Home News More than 130 journalists arrested in Myanmar, media group says

More than 130 journalists arrested in Myanmar, media group says

Among those arrested, 109 were men and 26 were women, while three other journalists were killed in the course of their work

A total of 135 journalists have been arrested in Myanmar since the Feb. 1, 2021, military coup that overthrew civilian rule in that country, according to a local press freedoms group.

Among those arrested, 109 were men and 26 were women, while three other journalists were killed in the course of their work, said Han Zaw, a spokesman for Detained Journalists Information Myanmar, speaking to RFA.

“Right now, 55 journalists — 42 men and 13 women — are being held in detention, 22 of whom have now been convicted, and another six were given jail sentences in March,” Han Zaw said. The detentions and arrests of journalists in Myanmar are still ongoing, he added.



Jailed in March were Han Thar Nyein, managing editor of Kamaryut Media; Than Htkine Aung, editor of Mizzima News; Neyin Chan Wai, a correspondent for the Bago Weekly Journal; Aung Zaw Zaw, editor-in-chief of the Mandalay Free Press; Ye Yint Tun, a correspondent for the Myanmar Herald; and freelance journalist Naung Yoe.

All were charged with defamation and obstruction of the country’s military and were given sentences ranging from one-and-a-half years to 11 years in jail, with Han Thar Thein also charged with violations of Myanmar’s Electronic Communications Act.

Conditions in Myanmar are now unsafe for journalists working for independent media groups, said veteran reporter Myint Kyaw, speaking to RFA from Myanmar’s commercial center and former capital Yangon.

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“There have been cases of torture,” Myint Kyaw said. “Not for everyone arrested, but there have been victims, and Myanmar has the second highest number of arrests after China, which means the second largest number of journalists arrested around the world,” he said.

“It’s dangerous now to work for independent media, and it’s dangerous to report on any of the incidents now happening in the ongoing conflict,” he said.

Veteran lawyer Khin Maung Myint told RFA that journalists arrested before June 2021 were charged only with defamation. But since June 30, charges under anti-terrorism and explosives statutes that allow for as long as 20 years have also been added, he said.

And though most of the journalists arrested were able to prove in court that they were simply carrying out their professional work when detained, none were released following their conviction at trial, he said.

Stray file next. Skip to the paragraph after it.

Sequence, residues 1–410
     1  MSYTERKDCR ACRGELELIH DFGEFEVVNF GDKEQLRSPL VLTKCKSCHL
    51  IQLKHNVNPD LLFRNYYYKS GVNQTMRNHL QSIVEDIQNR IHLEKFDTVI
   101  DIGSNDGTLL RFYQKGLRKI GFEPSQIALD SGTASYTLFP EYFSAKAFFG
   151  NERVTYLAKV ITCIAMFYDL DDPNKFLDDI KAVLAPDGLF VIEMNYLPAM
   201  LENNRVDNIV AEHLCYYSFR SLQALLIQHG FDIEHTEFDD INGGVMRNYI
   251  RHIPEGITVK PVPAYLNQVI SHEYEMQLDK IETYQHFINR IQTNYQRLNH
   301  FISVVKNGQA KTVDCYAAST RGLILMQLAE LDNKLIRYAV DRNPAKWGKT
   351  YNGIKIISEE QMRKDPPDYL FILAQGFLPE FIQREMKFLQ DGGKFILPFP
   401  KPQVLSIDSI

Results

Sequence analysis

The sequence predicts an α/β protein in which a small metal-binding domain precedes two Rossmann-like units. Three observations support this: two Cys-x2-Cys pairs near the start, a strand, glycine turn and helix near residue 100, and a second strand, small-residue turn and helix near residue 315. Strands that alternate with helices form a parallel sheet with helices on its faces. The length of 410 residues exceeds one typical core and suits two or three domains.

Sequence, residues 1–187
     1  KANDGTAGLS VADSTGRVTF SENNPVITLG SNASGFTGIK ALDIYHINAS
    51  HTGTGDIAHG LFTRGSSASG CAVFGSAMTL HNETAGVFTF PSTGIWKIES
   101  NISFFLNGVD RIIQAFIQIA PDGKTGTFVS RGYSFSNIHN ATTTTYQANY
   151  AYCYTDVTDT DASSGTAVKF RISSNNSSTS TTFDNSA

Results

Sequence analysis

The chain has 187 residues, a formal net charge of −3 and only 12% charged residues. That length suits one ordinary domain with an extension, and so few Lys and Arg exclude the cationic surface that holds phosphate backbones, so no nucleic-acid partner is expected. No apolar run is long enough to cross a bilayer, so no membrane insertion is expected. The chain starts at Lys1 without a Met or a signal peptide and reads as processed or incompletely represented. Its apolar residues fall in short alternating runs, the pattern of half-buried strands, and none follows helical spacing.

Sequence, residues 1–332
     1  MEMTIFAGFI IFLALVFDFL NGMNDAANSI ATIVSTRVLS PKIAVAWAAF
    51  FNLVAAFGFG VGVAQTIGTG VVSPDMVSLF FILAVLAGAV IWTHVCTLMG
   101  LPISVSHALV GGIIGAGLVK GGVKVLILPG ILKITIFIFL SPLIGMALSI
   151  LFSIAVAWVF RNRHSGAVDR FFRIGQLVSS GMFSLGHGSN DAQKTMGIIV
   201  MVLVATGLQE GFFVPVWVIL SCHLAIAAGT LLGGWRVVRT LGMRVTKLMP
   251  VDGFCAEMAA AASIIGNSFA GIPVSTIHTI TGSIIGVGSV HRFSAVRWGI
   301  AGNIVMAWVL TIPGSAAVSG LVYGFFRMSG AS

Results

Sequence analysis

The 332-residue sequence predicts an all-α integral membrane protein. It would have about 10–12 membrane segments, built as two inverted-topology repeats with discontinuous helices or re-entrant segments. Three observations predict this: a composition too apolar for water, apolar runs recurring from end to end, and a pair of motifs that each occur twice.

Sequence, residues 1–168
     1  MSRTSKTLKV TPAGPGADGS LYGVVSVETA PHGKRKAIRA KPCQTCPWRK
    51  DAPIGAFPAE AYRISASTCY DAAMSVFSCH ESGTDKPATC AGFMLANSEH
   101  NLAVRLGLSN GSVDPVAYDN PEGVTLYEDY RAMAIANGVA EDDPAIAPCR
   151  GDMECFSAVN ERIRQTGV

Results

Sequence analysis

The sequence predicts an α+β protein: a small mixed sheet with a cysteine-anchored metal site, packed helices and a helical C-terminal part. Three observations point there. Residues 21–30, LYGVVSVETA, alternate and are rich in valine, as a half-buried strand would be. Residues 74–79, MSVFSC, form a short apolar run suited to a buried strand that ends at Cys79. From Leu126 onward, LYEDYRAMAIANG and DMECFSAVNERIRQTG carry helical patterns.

In this file photo taken on February 3, 2021, a man hits a plate with a pair of scissors to make noise after calls for protest went out on social media in Yangon, as Myanmar’s ousted leader Aung San Suu Kyi was formally charged after being detained in a military coup. (Photo by AFP)

‘Enemies of the country’

Speaking to RFA, junta spokesman Maj. Gen. Zaw Min Tun said however that no journalists were arrested in Myanmar for doing their work but only for instigating violence.

“On Armed Forces Day [March 27], more than 40 local media outlets and 26 local reporters working for overseas media attended the event, and they were able to work and write freely. Even RFA has reporters in Myanmar,” Zaw Min Tun said.

“If a journalist is doing the work of a journalist, we have no reason to arrest him. But if a journalist commits crimes and incites others to violence, we will arrest him not as a journalist but as a supporter of terrorism and a source of false news,” he said.

Also speaking to RFA, Aung Kyaw — a senior correspondent for the Democratic Voice of Burma who was arrested and released in March last year — said that Myanmar’s military members hate the journalists held in interrogation camps and treat them as enemies of the country.

“While I was being questioned, they would read news reports, and if they found something they didn’t like, they’d hit me and torture me, even though those reports were published by other media,” he said.

“I told them that we were not a foreign news agency, that our news agency was officially registered in Myanmar, that we paid taxes to the country, and that we were paid only in kyats, not in dollars. But they wouldn’t listen.”

Soe Ya, editor-in-chief of the Delta News Agency, said that journalists are now fleeing Myanmar due to junta suppression, causing a loss of human resources in the country’s media.

“Many journalists are leaving and moving to other countries to pursue their livelihood and because of the lack of security in Myanmar,” he said. “Our media world is now suffering a big loss because experienced people have to leave, as they cannot continue to survive in the present situation.”

Copyright © 1998-2020, RFA. Used with the permission of Radio Free Asia, 2025 M St. NW, Suite 300, Washington DC 20036.

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